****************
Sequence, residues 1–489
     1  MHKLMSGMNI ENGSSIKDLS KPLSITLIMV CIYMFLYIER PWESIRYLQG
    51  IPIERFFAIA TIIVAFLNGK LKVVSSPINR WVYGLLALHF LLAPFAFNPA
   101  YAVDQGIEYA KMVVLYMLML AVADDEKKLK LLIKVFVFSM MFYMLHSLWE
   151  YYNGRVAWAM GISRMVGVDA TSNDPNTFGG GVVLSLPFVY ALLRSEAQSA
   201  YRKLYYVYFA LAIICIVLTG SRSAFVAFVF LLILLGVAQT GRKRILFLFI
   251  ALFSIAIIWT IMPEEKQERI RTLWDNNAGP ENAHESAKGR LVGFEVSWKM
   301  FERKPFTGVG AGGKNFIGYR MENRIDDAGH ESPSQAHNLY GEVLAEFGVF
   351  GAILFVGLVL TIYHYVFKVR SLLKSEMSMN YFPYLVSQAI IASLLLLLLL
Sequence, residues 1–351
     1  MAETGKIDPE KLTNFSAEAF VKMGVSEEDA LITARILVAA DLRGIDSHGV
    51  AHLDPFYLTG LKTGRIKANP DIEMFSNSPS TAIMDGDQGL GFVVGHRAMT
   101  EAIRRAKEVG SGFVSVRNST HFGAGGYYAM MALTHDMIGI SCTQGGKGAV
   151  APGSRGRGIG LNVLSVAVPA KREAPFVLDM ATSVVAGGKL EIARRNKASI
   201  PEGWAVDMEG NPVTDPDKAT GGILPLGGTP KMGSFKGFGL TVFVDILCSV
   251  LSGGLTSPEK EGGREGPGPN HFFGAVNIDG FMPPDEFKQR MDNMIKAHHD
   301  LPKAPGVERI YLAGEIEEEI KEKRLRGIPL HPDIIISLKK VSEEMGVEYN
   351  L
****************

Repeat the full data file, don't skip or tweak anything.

Sequence, residues 1–489
     1  MHKLMSGMNI ENGSSIKDLS KPLSITLIMV CIYMFLYIER PWESIRYLQG
    51  IPIERFFAIA TIIVAFLNGK LKVVSSPINR WVYGLLALHF LLAPFAFNPA
   101  YAVDQGIEYA KMVVLYMLML AVADDEKKLK LLIKVFVFSM MFYMLHSLWE
   151  YYNGRVAWAM GISRMVGVDA TSNDPNTFGG GVVLSLPFVY ALLRSEAQSA
   201  YRKLYYVYFA LAIICIVLTG SRSAFVAFVF LLILLGVAQT GRKRILFLFI
   251  ALFSIAIIWT IMPEEKQERI RTLWDNNAGP ENAHESAKGR LVGFEVSWKM
   301  FERKPFTGVG AGGKNFIGYR MENRIDDAGH ESPSQAHNLY GEVLAEFGVF
   351  GAILFVGLVL TIYHYVFKVR SLLKSEMSMN YFPYLVSQAI IASLLLLLLL
Sequence, residues 1–351
     1  MAETGKIDPE KLTNFSAEAF VKMGVSEEDA LITARILVAA DLRGIDSHGV
    51  AHLDPFYLTG LKTGRIKANP DIEMFSNSPS TAIMDGDQGL GFVVGHRAMT
   101  EAIRRAKEVG SGFVSVRNST HFGAGGYYAM MALTHDMIGI SCTQGGKGAV
   151  APGSRGRGIG LNVLSVAVPA KREAPFVLDM ATSVVAGGKL EIARRNKASI
   201  PEGWAVDMEG NPVTDPDKAT GGILPLGGTP KMGSFKGFGL TVFVDILCSV
   251  LSGGLTSPEK EGGREGPGPN HFFGAVNIDG FMPPDEFKQR MDNMIKAHHD
   301  LPKAPGVERI YLAGEIEEEI KEKRLRGIPL HPDIIISLKK VSEEMGVEYN
   351  L